Enverus Blog

Insights across the energy value chain

Picking winners and losers amongst a group of peers is as American as Joe Namath, Kingsford charcoals and Michael Bolton.  To pick winners and losers amongst a group of shale plays, although very American, is a pretty complex undertaking.  It takes analyzing well economics, declines, pressures, geophysical properties, variations in the acreage, production stream profiles, operator techniques, global energy environment, etc.  So I’m in no way picking winners and losers here.   I just wanted to see how the Woodford shale type curve compares with a few other big name gas shales.

I chose to only include the Arkoma Woodford because there is a much smaller liquids component than the Cana-Woodford, plus there are a lot more wells.  I included Barnett, Haynesville and Fayetteville because they are more established than say Eagle Ford and I only included wells that came online since 2008.  Finally, I filtered much of the more oily wells out of the Barnett.

Here are the wells included, the map is generated from HPDI.

How Does Woodford Compare To Peers?

Here is the type curve comparison with some interesting stats.  First of all, the Haynesville is by far and away the leader in terms of gas produced with 1.5 Bcf.  However, the Haynesville has a tremendous first year decline at 82%.    Woodford comes in with a higher cumulative gas than the other two and the most favorable 1st year decline.

How Does Woodford Compare To Peers?

So how does the Woodford stack up?  Well, with the best 1st year decline and very reasonable well costs, I’d say pretty nicely.  I feel that the other shales have gotten more press and attention so this is definitely interesting.  A few other takeaways.. With that monstrous 82% decline in the Haynesville, its no wonder operators are trying to optimize reservoir performance with choke backs.  The Barnett is a pretty mature play, perhaps the core is more drilled up than the outskirts causing newer wells to perform more poorly than say 2008, or at least a peak may have already occured.  With the introduction of 9000′ laterals among other ingenuities, I think the Arkoma will continue to produce solid wells.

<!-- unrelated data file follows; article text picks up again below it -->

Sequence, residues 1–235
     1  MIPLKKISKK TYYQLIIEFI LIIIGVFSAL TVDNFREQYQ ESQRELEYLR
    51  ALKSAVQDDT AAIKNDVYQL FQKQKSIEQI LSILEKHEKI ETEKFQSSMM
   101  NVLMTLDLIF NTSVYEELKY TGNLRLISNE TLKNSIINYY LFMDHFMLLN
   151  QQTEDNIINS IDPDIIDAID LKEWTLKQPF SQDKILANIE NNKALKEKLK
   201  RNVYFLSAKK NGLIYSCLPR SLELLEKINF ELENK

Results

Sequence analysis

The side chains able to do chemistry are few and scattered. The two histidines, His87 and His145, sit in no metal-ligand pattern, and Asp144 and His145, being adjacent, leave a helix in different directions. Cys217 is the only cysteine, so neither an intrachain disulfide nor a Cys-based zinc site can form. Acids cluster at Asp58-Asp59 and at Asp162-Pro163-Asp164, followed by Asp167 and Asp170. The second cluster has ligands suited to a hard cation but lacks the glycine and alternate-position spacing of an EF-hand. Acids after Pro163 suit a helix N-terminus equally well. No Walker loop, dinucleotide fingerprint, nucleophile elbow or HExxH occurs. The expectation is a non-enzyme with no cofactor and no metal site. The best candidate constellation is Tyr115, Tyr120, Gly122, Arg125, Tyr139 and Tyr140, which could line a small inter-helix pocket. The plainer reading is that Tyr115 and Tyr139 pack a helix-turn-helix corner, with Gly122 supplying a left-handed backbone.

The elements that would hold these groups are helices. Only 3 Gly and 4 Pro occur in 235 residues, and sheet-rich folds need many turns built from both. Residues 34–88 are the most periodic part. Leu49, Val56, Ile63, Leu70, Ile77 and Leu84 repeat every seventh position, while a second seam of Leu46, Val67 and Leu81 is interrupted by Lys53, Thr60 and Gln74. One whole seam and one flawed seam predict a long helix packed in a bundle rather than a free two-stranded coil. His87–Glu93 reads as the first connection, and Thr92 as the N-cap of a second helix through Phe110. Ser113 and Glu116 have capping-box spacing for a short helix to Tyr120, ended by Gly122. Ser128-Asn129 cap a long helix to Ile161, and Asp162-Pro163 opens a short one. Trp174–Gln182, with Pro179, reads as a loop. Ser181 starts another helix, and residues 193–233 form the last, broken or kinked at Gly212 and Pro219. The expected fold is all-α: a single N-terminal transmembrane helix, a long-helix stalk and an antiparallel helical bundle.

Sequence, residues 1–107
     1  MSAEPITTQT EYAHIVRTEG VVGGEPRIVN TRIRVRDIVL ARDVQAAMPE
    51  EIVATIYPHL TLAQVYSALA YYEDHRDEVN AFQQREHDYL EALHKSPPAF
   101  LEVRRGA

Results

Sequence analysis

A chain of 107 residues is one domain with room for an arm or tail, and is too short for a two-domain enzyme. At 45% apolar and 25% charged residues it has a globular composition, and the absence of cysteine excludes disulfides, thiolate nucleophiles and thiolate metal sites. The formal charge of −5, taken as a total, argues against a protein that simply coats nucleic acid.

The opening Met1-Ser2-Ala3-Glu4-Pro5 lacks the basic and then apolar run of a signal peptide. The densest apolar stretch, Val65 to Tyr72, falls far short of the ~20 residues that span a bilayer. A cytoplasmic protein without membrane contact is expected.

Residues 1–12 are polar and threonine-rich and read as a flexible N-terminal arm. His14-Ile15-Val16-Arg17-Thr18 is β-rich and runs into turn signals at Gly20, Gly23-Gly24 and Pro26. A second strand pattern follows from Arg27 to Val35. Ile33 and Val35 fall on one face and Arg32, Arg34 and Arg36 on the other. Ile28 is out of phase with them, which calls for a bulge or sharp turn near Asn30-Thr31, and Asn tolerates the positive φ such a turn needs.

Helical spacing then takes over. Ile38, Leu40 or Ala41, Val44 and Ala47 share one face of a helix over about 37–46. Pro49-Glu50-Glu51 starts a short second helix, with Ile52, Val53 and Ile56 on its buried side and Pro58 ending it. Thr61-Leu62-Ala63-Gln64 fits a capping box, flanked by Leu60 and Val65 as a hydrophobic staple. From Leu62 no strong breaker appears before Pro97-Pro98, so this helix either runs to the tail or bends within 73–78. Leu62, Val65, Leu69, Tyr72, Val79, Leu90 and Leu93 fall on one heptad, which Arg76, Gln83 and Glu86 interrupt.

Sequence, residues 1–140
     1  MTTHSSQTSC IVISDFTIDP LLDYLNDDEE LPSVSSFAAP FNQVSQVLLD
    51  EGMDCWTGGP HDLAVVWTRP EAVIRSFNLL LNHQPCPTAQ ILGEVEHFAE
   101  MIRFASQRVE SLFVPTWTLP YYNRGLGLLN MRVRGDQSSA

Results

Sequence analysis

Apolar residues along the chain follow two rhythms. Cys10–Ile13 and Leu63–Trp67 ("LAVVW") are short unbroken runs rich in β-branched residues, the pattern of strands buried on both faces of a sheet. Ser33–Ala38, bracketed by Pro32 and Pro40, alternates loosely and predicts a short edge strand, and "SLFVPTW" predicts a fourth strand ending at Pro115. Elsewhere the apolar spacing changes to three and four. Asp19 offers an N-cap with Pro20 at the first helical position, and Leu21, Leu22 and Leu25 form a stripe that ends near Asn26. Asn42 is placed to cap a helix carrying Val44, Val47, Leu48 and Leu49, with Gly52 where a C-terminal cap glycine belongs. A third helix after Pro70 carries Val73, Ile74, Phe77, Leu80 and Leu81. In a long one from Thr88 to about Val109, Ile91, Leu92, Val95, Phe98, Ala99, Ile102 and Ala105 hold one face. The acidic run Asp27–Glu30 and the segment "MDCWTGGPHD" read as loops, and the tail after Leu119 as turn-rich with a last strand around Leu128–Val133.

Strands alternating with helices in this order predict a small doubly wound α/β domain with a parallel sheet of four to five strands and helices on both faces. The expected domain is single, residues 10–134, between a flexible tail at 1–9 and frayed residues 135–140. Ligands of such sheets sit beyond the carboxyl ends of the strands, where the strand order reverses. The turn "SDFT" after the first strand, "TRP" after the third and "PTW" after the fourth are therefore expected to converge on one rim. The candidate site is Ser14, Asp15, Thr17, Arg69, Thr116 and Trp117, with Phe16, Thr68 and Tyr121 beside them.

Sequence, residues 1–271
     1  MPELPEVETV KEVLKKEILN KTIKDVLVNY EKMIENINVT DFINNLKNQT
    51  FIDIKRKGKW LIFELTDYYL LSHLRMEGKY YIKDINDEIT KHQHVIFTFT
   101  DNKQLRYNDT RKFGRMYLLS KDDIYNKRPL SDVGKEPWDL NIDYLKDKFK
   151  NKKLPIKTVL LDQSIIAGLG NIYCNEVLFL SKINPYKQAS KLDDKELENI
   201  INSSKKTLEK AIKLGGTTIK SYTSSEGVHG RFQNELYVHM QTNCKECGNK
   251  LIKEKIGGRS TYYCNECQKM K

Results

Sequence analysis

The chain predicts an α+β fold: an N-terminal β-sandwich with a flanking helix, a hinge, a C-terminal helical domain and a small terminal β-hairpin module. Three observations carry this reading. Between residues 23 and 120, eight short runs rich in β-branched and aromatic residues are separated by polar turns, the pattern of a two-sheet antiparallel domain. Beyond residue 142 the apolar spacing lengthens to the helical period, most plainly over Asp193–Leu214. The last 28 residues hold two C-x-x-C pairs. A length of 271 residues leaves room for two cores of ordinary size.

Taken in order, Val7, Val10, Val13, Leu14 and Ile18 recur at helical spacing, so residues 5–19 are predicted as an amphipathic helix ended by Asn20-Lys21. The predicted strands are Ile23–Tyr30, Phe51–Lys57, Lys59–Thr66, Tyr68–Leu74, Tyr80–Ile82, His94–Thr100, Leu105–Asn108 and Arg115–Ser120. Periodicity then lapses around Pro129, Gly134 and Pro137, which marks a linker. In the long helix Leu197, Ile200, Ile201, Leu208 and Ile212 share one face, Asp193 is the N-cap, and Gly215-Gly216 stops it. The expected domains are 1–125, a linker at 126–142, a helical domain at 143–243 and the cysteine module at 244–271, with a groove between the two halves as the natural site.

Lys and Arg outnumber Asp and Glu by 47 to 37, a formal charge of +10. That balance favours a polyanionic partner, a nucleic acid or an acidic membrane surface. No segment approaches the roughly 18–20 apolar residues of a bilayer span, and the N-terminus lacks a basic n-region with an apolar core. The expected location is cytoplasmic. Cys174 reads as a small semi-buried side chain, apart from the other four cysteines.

Check out the Woodford Unconventional Update for up to date information on the Cana-Woodford and Arkoma Woodford.

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Justin Birmingham

Justin Birmingham is a Research Analyst at Drillinginfo. He creates proprietary research studies, works with statistical models and manages datasets for the DI Analytics team. Justin earned his Bachelor of Science from Texas State University – San Marcos.